But barring a lopsided proposal, the Broncos are hopeful Sutton will return to his 2019 form as he showed flashes of last season. The catch Sutton made over two Chiefs defenders last season and was wrongly called for offensive pass interference? That was the Sutton of 2019, before his ACL injury. Physically, Sutton is all the way back from his knee surgery. It's having complete confidence the knee will hold up through sharp cuts or 50-50 leaps is a work in progress for all elite athletes who have gone through the injury.

Jeudy returned from a two-game absence from a sprained ankle last season to finish with 37 catches, 523 yards and three touchdowns over the last six games. That projects out to 105 catches, 1,481 yards and 9 touchdowns over a 17-game season.

The key there is for Jeudy to play 17 games. Ankle injuries have limited him to an average of 12.5 games the past two years. Still, expect the Broncos to not only count on Jeudy to have a big year in 2023, but it would be a surprise if by the May 2 deadline they did not exercise the fully guaranteed, fifth-year option of $12.987 million for 2024.

Credit: AP
Denver Broncos wide receiver Jerry Jeudy (10) runs against the Los Angeles Chargers during the first half of an NFL football game in Denver, Sunday, Jan. 8, 2023. (AP Photo/Jack Dempsey)

Trivia II

This 1970s-80s Broncos player described himself as “the self-proclaimed greatest Monopoly player in the world.”

Kids turn

Upfront on defense, the Broncos replaced Dre’Mont Jones with Zach Allen. But who replaces DeShawn Williams, who started 15 games and played in all 17 for the Broncos last year but signed Friday with the Carolina Panthers?

Williams wanted to stay in Denver but teams must eventually make room for young players. In the Broncos’ case, they believe two of their rookie defensive linemen from last year, Eyioma Uwazurike and Matt Henningsen, are ready for more playing time.

Uwazurike, a fourth round draft pick out of Iowa State last year, is large at 6-foot-6, 320 pounds and turns 25 in May. He didn’t play until the second half of last season, but he made some impactful plays, most notably a blocked field goal against the Chiefs’ Harrison Butker in a New Year’s Day game. In his 8 games, Uwazurike played 20.5 percent of the defensive snaps.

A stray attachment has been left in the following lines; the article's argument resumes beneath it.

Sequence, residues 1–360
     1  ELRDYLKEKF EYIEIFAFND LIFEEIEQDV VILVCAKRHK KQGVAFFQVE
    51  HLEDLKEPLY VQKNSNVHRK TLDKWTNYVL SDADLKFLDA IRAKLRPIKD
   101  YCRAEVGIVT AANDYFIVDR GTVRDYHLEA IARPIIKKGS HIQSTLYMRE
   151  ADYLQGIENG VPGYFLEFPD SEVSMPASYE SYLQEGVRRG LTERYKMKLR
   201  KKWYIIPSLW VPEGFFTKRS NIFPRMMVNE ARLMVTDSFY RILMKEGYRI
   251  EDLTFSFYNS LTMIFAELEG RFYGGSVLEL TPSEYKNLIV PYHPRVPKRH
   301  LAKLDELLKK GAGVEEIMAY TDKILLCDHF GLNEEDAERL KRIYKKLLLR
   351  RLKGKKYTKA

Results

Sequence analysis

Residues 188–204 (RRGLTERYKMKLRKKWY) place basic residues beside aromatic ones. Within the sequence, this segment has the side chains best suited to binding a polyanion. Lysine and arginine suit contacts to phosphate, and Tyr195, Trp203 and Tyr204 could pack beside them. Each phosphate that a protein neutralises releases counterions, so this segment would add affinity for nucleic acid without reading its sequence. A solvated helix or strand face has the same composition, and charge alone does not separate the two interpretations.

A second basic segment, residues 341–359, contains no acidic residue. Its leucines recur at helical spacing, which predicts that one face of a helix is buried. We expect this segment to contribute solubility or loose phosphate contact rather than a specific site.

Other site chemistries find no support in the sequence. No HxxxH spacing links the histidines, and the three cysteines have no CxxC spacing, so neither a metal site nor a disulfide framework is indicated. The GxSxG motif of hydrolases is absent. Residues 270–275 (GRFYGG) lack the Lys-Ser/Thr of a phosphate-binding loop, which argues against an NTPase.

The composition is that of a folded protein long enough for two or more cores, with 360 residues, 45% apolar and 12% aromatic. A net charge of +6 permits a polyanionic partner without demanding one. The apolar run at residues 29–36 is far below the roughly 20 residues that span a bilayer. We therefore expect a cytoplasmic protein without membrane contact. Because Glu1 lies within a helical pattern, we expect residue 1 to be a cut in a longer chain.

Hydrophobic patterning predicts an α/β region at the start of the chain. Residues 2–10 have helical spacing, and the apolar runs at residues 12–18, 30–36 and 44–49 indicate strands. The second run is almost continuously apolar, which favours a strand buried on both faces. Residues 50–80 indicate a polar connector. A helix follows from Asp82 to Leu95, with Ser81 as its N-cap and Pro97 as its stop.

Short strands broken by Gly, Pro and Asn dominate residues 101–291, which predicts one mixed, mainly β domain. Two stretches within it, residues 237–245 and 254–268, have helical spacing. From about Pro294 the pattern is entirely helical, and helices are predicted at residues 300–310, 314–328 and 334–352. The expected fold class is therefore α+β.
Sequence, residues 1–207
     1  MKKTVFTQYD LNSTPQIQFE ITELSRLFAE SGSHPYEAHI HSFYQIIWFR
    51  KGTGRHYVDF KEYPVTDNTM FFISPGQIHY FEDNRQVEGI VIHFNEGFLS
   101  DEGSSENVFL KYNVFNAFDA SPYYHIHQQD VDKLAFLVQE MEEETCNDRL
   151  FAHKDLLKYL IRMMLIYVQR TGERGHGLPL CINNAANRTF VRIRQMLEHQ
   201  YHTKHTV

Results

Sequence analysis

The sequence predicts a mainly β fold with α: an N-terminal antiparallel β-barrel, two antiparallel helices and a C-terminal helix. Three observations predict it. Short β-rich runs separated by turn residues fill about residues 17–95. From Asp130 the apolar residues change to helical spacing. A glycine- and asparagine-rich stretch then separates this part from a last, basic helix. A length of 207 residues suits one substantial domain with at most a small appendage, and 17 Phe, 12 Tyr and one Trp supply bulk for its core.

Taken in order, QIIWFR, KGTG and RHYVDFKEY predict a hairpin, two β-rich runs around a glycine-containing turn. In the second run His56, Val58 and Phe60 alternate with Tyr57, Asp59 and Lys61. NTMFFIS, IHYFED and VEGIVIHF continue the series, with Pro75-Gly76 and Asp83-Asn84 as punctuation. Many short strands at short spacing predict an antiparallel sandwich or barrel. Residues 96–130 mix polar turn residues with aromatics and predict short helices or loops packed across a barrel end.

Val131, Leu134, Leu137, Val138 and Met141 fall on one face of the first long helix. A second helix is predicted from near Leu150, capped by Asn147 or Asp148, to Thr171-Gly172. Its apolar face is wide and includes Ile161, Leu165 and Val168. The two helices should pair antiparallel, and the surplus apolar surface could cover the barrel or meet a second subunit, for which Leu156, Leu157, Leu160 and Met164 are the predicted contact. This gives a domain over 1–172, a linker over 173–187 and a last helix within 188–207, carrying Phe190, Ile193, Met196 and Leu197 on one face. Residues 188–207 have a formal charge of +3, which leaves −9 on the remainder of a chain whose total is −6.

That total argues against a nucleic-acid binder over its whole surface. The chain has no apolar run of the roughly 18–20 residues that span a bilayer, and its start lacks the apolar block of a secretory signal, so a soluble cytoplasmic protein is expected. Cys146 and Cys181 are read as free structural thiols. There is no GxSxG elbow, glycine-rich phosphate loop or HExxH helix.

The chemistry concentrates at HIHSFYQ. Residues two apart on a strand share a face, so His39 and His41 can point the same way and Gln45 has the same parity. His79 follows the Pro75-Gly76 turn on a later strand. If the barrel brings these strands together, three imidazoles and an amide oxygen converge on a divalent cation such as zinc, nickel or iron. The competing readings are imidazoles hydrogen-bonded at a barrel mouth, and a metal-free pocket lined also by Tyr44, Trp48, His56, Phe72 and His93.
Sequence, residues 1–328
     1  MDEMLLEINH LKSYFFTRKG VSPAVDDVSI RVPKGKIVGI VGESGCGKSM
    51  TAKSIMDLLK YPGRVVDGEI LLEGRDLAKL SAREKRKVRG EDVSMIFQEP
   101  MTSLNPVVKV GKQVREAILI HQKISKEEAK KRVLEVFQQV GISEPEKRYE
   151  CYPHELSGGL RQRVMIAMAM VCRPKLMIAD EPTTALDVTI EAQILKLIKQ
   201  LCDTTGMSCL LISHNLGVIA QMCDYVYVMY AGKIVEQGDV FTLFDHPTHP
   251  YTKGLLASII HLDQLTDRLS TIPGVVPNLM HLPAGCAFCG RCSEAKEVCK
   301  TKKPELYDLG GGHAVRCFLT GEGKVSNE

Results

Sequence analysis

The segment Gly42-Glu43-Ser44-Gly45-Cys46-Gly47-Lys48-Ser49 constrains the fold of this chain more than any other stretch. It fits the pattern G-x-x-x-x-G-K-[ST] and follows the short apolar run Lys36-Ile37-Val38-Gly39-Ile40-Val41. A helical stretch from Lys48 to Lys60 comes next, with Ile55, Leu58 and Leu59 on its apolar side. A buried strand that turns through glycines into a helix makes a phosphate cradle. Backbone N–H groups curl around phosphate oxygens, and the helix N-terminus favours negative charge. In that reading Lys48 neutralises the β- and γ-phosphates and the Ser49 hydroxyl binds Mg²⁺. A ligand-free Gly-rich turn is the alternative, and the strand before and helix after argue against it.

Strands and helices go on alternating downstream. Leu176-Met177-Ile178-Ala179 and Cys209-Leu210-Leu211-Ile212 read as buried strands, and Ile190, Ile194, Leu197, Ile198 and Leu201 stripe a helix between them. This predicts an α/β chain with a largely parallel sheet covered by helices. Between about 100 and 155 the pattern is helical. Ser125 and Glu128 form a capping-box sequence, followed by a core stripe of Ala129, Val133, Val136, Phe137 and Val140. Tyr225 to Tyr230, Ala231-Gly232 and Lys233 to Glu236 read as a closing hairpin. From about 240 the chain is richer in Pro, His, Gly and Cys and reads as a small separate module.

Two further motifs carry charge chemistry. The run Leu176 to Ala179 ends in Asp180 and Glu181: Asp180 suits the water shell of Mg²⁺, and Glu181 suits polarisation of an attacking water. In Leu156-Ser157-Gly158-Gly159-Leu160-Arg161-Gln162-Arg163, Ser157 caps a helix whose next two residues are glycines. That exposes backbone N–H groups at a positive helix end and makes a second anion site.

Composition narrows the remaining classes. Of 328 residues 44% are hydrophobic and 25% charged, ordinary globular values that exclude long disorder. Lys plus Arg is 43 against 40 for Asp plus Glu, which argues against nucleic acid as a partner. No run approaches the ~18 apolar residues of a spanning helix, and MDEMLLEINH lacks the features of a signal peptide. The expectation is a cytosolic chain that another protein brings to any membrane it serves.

Henningsen, who turns 24 in July, played 13.5 percent of the snaps in all 17 games for the Broncos last season and was a second-team All Rookie selection by the Pro Football Writers Association.  

Fleming tops Broncos performance pay

The NFL players union released its performance pay distributions from the 2022 season. It’s bonus money based roughly on a formula where the lower a player’s salary, and the more snaps he plays, the higher the performance pay bonus.

Broncos players with the top performance payouts:

1. Cameron Fleming, $544,459

2. Damarri Mathis, $437,666

3. Jonathon Cooper, $427,385

4. Alex Singleton, $424,516

5. Quinn Meinerz, $392,644

6. Eric Saubert, $376,236

7. DeShawn Williams, $301,300

8. Baron Browning, $300,441

9. Kendall Hinton, $297, 219

Credit: AP
Denver Broncos offensive tackle Cameron Fleming (73) prior to an NFL football game against the Cincinnati Bengals, Sunday, Dec. 19, 2021, in Denver. (AP Photo/Jack Dempsey)

Trivia I answer

Howard Griffith, a fullback lead blocker for Terrell Davis during the Broncos’ back-to-back Super Bowl championship seasons in 1997-98, was a star running back for Illinois, rushing for 1,115 yards in just 12 games as a senior in 1990. In one game against Southern Illinois that year, Griffith rushed for 8 touchdowns in a 56-21 romp.

He rushed for 8 touchdowns in four seasons with the Broncos, counting playoffs, as by then he had transformed into the selfless, team-first role as a lead blocker for the future Hall of Famer Davis.

Trivia II answer

Bob Swenson, a left outside linebacker in Joe Collier’s famed 3-4, Orange Crush defense, made the claim in his Broncos 1983 media guide bio – his last year in the NFL – that he was the world’s best Monopoly player. He also listed acrylic painting, water colors, tennis, racquetball and rugby among his hobbies.

Swenson was also a very good linebacker when healthy and in 1981 was named first-team All Pro.